I’m obsessing about this ultrasound photo. The moment I put it on the table, or nightstand, or counter, I want to pick it back up and look one more time at the white text on the black borders:
And then my eyes drop to the object of greatest interest: my tiny sweet blob, a nebulous white figure in a sea of speckled black. Nine weeks and three days and it’s already the love of my life.
I press my hand to my stomach, and my pulse lurches to a thundering stampede. The embryo in the photo looks like a gummy bear, curled into a delicate C. My little monster, I think. My sweet little monster, with a fluttering heartbeat, little buds for limbs, and who is half me, half Josh Im.
Not my preferred reaction, but nausea rolls up from my stomach. I have just enough time to set down my precious piece of paper and bolt into the bathroom before I’m losing the cracker and three sips of water I’ve had today. Guess it wasn’t a bug after all.
After brushing my teeth—and almost throwing up again—I come back to the kitchen. I’ve got a text from Josh.
If I hadn’t just tossed my cookies—or crackers, rather—I might have tossed them now. With a trembling hand, I type out a
I stare at the photo again, and my heart feels too full.
After getting a last-minute appointment with my doctor yesterday and doing a blood test, then an in-office ultrasound—where Emily held my clammy hand, and we both cried our faces off when the monster came into clear view—I gave myself twenty-four hours to digest the news, and swore Emily to absolute secrecy.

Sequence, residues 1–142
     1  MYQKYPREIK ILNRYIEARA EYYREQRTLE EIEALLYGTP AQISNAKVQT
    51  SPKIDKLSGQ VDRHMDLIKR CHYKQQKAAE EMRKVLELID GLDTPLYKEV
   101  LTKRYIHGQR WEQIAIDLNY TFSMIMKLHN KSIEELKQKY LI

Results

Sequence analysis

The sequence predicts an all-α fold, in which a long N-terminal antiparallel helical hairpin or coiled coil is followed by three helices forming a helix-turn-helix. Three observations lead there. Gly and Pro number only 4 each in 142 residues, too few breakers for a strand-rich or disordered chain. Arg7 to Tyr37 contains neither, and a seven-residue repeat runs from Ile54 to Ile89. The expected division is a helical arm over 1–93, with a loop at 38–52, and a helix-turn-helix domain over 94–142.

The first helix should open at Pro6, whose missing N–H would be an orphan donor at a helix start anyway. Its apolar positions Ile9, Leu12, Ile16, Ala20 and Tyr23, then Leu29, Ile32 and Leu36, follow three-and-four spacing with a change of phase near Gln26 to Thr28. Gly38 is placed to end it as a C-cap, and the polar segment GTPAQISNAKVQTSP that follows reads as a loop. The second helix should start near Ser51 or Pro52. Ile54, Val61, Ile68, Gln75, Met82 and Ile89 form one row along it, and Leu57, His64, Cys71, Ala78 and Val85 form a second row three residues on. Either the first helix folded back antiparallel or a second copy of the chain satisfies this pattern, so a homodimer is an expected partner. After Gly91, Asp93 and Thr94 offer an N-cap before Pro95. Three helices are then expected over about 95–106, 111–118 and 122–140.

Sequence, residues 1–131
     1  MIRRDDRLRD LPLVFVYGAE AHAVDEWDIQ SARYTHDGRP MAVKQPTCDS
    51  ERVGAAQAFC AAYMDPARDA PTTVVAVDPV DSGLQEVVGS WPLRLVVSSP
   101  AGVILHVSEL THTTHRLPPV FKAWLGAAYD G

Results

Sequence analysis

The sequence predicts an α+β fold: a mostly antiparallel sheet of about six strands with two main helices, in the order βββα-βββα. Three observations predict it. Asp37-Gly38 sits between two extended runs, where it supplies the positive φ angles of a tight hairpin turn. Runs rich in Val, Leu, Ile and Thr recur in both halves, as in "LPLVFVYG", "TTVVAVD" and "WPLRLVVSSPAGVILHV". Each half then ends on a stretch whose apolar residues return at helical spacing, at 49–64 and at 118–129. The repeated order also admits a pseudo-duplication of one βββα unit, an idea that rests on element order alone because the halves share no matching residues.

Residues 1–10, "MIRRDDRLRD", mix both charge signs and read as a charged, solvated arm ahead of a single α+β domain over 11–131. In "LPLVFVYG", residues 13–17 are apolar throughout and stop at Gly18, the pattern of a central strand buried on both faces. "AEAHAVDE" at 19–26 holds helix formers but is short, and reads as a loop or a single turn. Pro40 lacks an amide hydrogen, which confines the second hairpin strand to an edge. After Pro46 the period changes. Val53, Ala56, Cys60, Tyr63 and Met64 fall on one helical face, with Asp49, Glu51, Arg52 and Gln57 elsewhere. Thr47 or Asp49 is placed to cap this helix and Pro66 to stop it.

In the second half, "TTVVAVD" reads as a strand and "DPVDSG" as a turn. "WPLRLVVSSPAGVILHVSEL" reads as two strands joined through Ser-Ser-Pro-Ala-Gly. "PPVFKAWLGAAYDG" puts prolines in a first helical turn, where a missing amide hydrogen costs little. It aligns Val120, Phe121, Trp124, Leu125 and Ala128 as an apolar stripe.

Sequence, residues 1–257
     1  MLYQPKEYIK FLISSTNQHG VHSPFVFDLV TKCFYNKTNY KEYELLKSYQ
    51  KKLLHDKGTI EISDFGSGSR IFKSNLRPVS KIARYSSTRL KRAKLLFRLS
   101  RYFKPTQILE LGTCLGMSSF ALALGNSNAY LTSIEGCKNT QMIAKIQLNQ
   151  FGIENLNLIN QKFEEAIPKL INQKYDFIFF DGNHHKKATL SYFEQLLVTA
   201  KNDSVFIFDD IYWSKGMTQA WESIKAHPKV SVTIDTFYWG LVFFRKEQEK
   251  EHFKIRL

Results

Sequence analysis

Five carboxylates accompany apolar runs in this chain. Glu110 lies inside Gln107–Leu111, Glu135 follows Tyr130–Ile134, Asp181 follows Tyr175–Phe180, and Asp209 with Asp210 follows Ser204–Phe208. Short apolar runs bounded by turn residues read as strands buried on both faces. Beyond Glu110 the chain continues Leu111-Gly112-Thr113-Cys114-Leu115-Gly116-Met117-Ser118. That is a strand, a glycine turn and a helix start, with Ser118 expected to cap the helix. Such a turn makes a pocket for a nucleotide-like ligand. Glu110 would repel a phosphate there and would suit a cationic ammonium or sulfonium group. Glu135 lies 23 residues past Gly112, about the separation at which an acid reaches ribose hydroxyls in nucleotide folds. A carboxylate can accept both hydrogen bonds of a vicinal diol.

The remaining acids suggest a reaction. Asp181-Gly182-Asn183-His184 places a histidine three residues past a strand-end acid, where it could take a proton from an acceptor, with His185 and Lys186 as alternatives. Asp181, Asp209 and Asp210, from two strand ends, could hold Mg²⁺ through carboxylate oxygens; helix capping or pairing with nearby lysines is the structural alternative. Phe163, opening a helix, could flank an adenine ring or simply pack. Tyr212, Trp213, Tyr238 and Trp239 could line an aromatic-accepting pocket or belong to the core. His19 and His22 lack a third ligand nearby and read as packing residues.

Her response? “I already texted Dave, and I’m sorry for that. But if you think I’m going to be the one to tell my brother that he knocked up our best friend, you’re high.”
Today, I called in for a sub at work, and have spent the entire day walking around my neighborhood, staring intermittently at the photo. I’m in love with him.
I’m in love with Josh.
And I’m pregnant.
Yesterday, when I got home I was sweaty and panicky and eventually threw up. Now when I look at the photo, I feel jubilant.
Well, jubilant through whatever weird and exhausting things are going on in my body right now. Dr. Sanders told me not to Google pregnancy—said it’s a minefield of panic—and instead she gave me a few pamphlets and recommendations for books to read. But I’m sure every single person she’s given that advice to has ignored it similarly. Alas, the internet tells me that it’s normal to be tired in the first trimester.
So when Josh knocks on my door, I’m prone on the couch, one leg thrown over the back. All I can manage to do is moan out a zombified “It’s open.”
Josh steps in, kicking off his shoes. He greets Winnie as she races for him. And just the sight of him in my apartment is such a relief I have to swallow down a sob.
He’s carrying flowers and wearing my favorite purple shirt. Pushing to sit up, I become aware that I wasn’t expecting Fancy Josh. I’m Dumpy Hazel right now, wearing an old Lewis & Clark T-shirt and paint-splattered cutoffs, with my hair stuffed in a bun under my CHEESY hat.
For some reason—Some reason, ha! Pregnancy—I feel my throat go tight again. “Well, you look nice.”
Frowning, Josh walks around the couch, sitting next to me, reaching under the hat’s brim to put his free hand on my forehead. “You feel okay?”
Now that is a million-dollar question. “Yeah.”
“You look …”
He smiles. “I was going to say ‘flushed.’ ”
If I’m going to tell him I’m carrying his child, it should be easy to start with the smaller admissions. But my words come out hoarse: “It’s probably because I’m absurdly happy to see you.”
His eyes dip to my lips, and in turn, my gaze shifts down his face, over his nose, to his jaw, cheekbones, and then back to his eyes.